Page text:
That said, there was definitely a hint of, uh, coconuts to the Crianza, with strong flavours of dark fruits as well. It also had some smoky characteristics to it, which made it an excellent pair to the evening’s Costillas de Res Al Carbon (Josper Charcoal Oven Grilled U.S. Short Ribs).
As we moved on to the Bodegas Ramon Bilbao Gran Reserva, Patrick took a sip… He then exclaimed, “Figs! Definitely figs.” The Gran Reserva has been aged for 2 years in American oak and 3 years in the bottle, and was technically deemed ready to drink. Despite this, Patrick said that he prefers to decant it to smoothen and soften the rather aggressive oak notes of the wine. Still, unlike most Gran Reservas in the market, Ramon Bilbao’s style stays true to its philosophy of making fruit-driven reds, making the wines easier to drink and appeal to a “wider, and even younger audience.” As for the figs, the wine had sufficient notes of the fruit notes to pair with the Cochinillo Asado (Spanish Style Roast Suckling Pig with Fig Compote) we had.
When we got to Ramon Bilbao’s top-of-the-line Mirto, Patrick tried a little and (finally) deemed the initially “arrogant” wine ready to drink. Despite being labeled as Joven, it’s not really a young wine, as it has spent 20 months in French oak, giving it baking spice and espresso flavours. Unlike the other wines of Ramon Bilbao, Mirto is meant to be cellared upon release to the market (but the wine we had during the dinner was a 2008, which meant that, at 10 years old, it was ready to drink). I told Patrick that it was a wine “I could inhale all night long,” a statement that drew a bit of appreciation from the guy.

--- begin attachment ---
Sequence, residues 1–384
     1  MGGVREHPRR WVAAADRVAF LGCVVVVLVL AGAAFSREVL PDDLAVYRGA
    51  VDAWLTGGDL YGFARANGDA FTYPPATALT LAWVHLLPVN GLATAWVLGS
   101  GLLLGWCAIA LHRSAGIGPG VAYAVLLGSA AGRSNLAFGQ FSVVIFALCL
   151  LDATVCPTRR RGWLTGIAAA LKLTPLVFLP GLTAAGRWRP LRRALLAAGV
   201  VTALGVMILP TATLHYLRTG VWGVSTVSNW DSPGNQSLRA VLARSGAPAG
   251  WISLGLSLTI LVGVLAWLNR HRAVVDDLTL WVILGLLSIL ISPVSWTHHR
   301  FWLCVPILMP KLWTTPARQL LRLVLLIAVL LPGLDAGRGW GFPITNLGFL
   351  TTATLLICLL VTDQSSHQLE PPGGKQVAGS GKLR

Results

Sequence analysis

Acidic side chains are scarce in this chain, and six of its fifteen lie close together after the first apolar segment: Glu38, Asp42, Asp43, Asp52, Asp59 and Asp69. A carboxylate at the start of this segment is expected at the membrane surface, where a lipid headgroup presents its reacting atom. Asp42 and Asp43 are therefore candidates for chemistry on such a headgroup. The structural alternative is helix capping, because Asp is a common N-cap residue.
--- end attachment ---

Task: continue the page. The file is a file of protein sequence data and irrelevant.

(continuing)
As the evening went on in the spirit of merriment (that included trading horror stories of having worked in the service industry), I came up with the conclusion that one of the best things in life involves good wine generously shared with amazingly intelligent people over endless, fun conversations (yes, plural, because there was definitely more than one).
Did I mention good wine? Salud!
Special thanks to Mr. Patrick Tabhan and Ms. Edna Diaz of BestWorld Beverage Brands
Ramon Bilbao wines are available through BestWorld Beverage Brands, Unit 1504, The Centerpoint Building, Julia Vargas Avenue, corner Garnet Road, Ortigas Center, Pasig City
Telephone: (+632) 637-8491 to 94